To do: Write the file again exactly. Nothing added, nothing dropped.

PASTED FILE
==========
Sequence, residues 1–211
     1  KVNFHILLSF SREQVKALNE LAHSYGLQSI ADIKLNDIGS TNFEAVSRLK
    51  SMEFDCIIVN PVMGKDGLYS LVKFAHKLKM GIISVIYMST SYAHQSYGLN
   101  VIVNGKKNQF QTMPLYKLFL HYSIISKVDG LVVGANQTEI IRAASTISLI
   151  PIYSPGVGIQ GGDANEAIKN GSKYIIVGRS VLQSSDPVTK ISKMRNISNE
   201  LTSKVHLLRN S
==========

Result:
Sequence, residues 1–211
     1  KVNFHILLSF SREQVKALNE LAHSYGLQSI ADIKLNDIGS TNFEAVSRLK
    51  SMEFDCIIVN PVMGKDGLYS LVKFAHKLKM GIISVIYMST SYAHQSYGLN
   101  VIVNGKKNQF QTMPLYKLFL HYSIISKVDG LVVGANQTEI IRAASTISLI
   151  PIYSPGVGIQ GGDANEAIKN GSKYIIVGRS VLQSSDPVTK ISKMRNISNE
   201  LTSKVHLLRN S